Tune in for My Hot Takes and an Alternate Ending
I finally got around to seeing Jordan Peele's "Nope," over the weekend, and I almost loved it. Controversially, it was my favorite Jordan Peele flick so far (sorry, "Get Out").
I also hated the ending.
In my humble opinion, the entire third act of the film was unnecessary and redundant. Peele made a perfect alien movie, then he ruined it by trying to shove the theme of spectacle down our throats with, you guessed it, a giant spectacle.
Why the Film Was Perfect
Before I pitch you an alternate ending, let me tell you what I liked about the movie.
The animal horror was excellent. Horses are creepy; don't @ me. Also, the Gordy (sitcom chimp) scenes were primal and terrifying -- and they explained Jupe's character perfectly.
All this foreshadowing and character development led right up to the twist and climactic scene that should have been the end of the movie.
Plus, everything was suspenseful and creepy, just like an alien movie should be. There was a great sense of impending doom, characters acted like real people, and the "nope" moments were laugh-out-loud hilarious.
I, too, would probably say, "nope," and exit stage left if I came face-to-face with some aliens.
What I Would Have Done Differently (Spoilers Ahead)
"Nope" ends with a giant, dangerous alien-documenting/ alien-fighting spectacle, but it should have ended much sooner.
If I were making the movie, I would have cut at OJ, Em, and Angel's triumphant escape from Jean Jacket. Right there, a title card -- "Nope." Perfect.
This decision might have been jarring for audiences (my mom said she would have been disappointed), but it would have stayed true to the title of the movie.
Our characters are smarter than your average horror movie characters. They do say "nope."
Of course, we don't want to leave the audience disappointed, and we do want to hit home our themes of spectacle and exploitation.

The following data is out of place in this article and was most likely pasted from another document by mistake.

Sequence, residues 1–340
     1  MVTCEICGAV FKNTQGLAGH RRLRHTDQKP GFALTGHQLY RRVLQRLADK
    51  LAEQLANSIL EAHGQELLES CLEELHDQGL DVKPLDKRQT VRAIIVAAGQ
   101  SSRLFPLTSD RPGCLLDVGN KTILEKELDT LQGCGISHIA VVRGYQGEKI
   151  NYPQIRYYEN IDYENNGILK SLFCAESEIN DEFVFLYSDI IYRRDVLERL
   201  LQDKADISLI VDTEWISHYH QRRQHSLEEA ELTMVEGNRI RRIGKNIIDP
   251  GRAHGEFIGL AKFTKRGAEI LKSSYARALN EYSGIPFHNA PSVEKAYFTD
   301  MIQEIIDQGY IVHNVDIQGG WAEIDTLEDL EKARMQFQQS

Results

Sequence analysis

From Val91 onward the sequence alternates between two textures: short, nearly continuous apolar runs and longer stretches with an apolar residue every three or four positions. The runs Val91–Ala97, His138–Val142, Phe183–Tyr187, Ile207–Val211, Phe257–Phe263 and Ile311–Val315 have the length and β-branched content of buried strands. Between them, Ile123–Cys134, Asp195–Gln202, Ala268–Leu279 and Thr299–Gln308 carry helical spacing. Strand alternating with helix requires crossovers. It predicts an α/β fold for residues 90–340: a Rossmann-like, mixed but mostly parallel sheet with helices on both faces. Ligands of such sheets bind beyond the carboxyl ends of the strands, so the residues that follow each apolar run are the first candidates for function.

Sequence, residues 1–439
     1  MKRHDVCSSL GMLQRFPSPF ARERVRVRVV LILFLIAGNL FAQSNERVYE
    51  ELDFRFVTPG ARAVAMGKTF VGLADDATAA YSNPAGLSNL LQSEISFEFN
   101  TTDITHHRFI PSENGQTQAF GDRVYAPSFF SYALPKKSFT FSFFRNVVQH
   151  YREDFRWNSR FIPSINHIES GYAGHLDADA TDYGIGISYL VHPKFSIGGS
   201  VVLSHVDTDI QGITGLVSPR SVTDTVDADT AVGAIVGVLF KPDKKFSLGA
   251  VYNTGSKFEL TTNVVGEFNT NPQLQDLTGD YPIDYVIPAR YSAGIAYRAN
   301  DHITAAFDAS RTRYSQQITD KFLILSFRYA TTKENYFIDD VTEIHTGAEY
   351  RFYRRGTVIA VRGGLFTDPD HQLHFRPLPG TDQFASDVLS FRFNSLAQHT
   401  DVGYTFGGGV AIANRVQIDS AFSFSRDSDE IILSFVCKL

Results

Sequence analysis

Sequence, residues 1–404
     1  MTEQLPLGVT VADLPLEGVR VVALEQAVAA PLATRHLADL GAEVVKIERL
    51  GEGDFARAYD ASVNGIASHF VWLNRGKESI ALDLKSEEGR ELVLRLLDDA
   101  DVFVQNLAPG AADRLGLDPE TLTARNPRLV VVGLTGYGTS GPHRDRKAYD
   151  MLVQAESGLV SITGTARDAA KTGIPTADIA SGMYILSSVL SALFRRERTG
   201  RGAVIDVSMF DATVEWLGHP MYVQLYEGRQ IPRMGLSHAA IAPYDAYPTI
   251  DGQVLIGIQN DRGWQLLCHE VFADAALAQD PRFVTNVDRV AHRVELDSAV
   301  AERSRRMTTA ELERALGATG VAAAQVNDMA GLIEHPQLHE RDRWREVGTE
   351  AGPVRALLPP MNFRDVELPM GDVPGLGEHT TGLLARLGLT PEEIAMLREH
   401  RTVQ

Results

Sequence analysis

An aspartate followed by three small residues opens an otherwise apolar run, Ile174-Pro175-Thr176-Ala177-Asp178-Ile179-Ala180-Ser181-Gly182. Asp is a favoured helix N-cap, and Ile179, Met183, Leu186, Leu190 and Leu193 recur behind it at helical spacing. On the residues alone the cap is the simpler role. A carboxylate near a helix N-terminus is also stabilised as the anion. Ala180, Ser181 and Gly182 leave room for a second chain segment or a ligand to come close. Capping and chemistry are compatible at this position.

So, I would have not only cut it there but also added a button.
In the button, OJ and Em can get their clout by speaking to the media and cautioning them away from Jean Jacket and the ranch. Even if they look like crazy people, all press is good press, right?
Then, we can have TMZ (I did love the TMZ dig during the ending) or another news source fail to heed OJ and Em's warnings and go out to the ranch, only to get eaten by Jean Jacket.
Think of it, a film reel covered in blood draped over the abandoned farm house. A perfect end to the movie; a big fuck you to the film industry. Chef's kiss.
Also, isn't it much scarier to have a flesh-eating alien disguised as a cloud just chillin' in some ranch land in rural California than to watch it get photographed and bested by a balloon?
I think so.
Hot Take #2: Everyone Needs Some Reeling In
Ultimately, I think the problem with "Nope" is a problem with all successful directors. Once they reach a certain level, no one wants to tell them no. This isn't just shade at Jordan Peele; I think Christopher Nolan's latest films have been straight up self-indulgent to the point of cinematic masturbation.
Sometimes, a well-placed "no," is the best thing an artist can hear, especially when they are at or nearing the peak of their filmmaking careers, which Peele clearly is.
Constructive criticism really does make projects better! And no team should know this better than the one that made a movie called, "Nope!"
I'm so frustrated with them for not doing better, especially when they were so so close to a perfect film.
Still, this is not the first time I've had to cut the final scene of a movie from my brain to enjoy the perfection of the rest of it (looking at you, Ari Aster, and that final scene of "Hereditary"), so I suppose I'll live.
Let me know what you thought of "Nope," by filling out the contact form at the bottom of my home page 0r sending me an email at loganrosereadsandwrites at gmail dot com. You can also subscribe for similar content on my blog!
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